A video game banned in parts of Europe because of claims it contains child pornography is selling out in New Zealand - with only a PG rating.
The Nintendo 3DS game Dead or Alive: Dimensions went on sale in New Zealand last week. But within days, the chief censor called it in for classification.
The PG rating indicates "mild violence and sexualised gameplay" and the game sells for just under $100.
It is banned in Sweden, Norway and Denmark and is believed to violate child pornography laws with features that enable a player to undress female characters and photograph them from any angle, including under their skirts.
It is also believed that underage girls appear in sexualised situations in the game.
Sexual abuse counsellor advocate Denise McEnteer has worries about the game's availability to young people.
"If it shows young women ... that you can look up their skirts ... that's showing the kids that you are treating woman like objects," Ms McEnteer said.
"It's voyeuristic, that really worries me. What's to stop a young man from then prying into neighbours' windows and trying to do that same kind of thing?"
However, the game is already gaining the attention of customers in New Zealand.
Bond & Bond employee Andrei Dent said his shop received copies of the game last week and all were sold in the first day.
"Nearly every customer who comes to the [gaming section of the store] wants to have a look at it and try it out on the demo," he said.
The Warehouse website indicated yesterday that its online store had sold out of copies.
Speaking from a gaming convention in Los Angeles, The Warehouse buying manager Stuart Yorston said he doubted Nintendo would allow pornography in its games but The Warehouse would act on the chief censor's classification results.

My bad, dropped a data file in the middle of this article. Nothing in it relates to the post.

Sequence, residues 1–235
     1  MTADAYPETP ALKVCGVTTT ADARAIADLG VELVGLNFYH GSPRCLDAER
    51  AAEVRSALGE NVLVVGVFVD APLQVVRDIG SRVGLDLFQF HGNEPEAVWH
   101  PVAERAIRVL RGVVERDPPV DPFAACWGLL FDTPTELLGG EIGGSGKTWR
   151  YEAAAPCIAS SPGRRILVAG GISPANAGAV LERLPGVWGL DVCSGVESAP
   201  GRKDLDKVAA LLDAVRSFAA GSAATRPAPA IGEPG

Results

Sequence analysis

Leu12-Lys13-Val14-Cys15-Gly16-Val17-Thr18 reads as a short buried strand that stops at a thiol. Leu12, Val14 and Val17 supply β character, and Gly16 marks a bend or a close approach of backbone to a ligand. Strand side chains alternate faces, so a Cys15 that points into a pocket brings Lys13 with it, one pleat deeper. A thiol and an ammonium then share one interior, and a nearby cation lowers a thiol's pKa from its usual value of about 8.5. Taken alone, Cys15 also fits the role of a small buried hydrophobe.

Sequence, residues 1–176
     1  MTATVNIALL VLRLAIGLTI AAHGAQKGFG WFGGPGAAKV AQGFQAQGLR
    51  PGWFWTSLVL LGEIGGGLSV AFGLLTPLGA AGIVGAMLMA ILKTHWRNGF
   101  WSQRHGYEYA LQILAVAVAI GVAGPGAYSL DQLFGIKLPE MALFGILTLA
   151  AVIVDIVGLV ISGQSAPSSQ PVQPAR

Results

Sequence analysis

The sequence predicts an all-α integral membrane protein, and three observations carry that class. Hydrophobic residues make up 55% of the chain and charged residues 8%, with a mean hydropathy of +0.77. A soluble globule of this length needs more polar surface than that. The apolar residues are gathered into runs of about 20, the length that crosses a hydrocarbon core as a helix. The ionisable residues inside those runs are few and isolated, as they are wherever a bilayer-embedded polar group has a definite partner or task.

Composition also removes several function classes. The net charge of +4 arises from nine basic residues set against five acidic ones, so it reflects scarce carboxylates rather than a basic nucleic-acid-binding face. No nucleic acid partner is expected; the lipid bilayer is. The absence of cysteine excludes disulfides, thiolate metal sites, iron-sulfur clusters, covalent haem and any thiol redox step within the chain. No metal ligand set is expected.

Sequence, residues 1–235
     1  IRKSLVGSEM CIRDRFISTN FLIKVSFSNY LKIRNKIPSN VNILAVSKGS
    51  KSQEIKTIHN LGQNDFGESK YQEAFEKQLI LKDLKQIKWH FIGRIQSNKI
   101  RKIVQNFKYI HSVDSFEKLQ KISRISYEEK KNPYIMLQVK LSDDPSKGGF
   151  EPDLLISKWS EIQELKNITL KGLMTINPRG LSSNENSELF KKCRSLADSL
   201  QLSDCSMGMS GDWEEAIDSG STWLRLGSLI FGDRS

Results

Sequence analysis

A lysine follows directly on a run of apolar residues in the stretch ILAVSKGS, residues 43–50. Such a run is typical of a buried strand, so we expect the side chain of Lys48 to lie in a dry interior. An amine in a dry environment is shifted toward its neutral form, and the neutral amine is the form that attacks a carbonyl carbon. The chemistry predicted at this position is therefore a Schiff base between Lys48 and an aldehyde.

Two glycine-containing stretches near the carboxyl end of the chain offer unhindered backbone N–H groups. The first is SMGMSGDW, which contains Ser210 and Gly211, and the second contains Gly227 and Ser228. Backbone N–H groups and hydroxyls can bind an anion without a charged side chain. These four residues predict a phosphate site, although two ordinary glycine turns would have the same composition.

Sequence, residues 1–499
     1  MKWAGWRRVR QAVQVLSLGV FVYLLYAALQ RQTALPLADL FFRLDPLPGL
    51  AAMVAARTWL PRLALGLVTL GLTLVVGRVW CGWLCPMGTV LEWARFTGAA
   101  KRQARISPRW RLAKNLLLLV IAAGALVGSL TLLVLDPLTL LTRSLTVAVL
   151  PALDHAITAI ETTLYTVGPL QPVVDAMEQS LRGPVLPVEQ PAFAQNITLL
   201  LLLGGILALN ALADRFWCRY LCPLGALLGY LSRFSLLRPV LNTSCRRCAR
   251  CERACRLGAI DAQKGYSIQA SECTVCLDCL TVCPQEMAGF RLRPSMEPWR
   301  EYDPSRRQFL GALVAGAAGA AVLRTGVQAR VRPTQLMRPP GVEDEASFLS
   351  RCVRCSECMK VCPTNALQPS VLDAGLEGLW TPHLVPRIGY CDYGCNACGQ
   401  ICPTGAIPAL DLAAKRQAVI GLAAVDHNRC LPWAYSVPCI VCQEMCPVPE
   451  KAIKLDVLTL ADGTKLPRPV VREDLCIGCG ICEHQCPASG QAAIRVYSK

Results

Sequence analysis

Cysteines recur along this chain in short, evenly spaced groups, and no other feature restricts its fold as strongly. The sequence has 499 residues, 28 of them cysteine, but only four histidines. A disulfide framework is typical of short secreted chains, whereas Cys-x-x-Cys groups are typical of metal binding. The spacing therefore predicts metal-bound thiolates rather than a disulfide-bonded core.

It would continue selling the game for now, he said.
"If the chief censor changes the rating or advises a withdraw from sale we will act upon this immediately."
Mr Yorston said he understood authorities in Sweden, Norway and Denmark were particularly sensitive to anyone who looked under 18 in games.
"It's a fighting game. There are two characters that go up against each other."
The Warehouse did not believe the game was significantly objectionable "at this stage".
The game's website includes a warning that it "may contain content inappropriate for children".
Deputy chief censor Nic McCully said censors had yet to view the game but Department of Internal Affairs inspectors were inspecting it.
Ms McCully said game suppliers were obliged to decide whether the game had "restrictive material".
Until the censors' ruling, expected in a couple of weeks, the game is still available but Ms McCully said suppliers might find themselves in trouble if it was found to contain objectionable material.By Christopher Chang Email Christopher, NZPA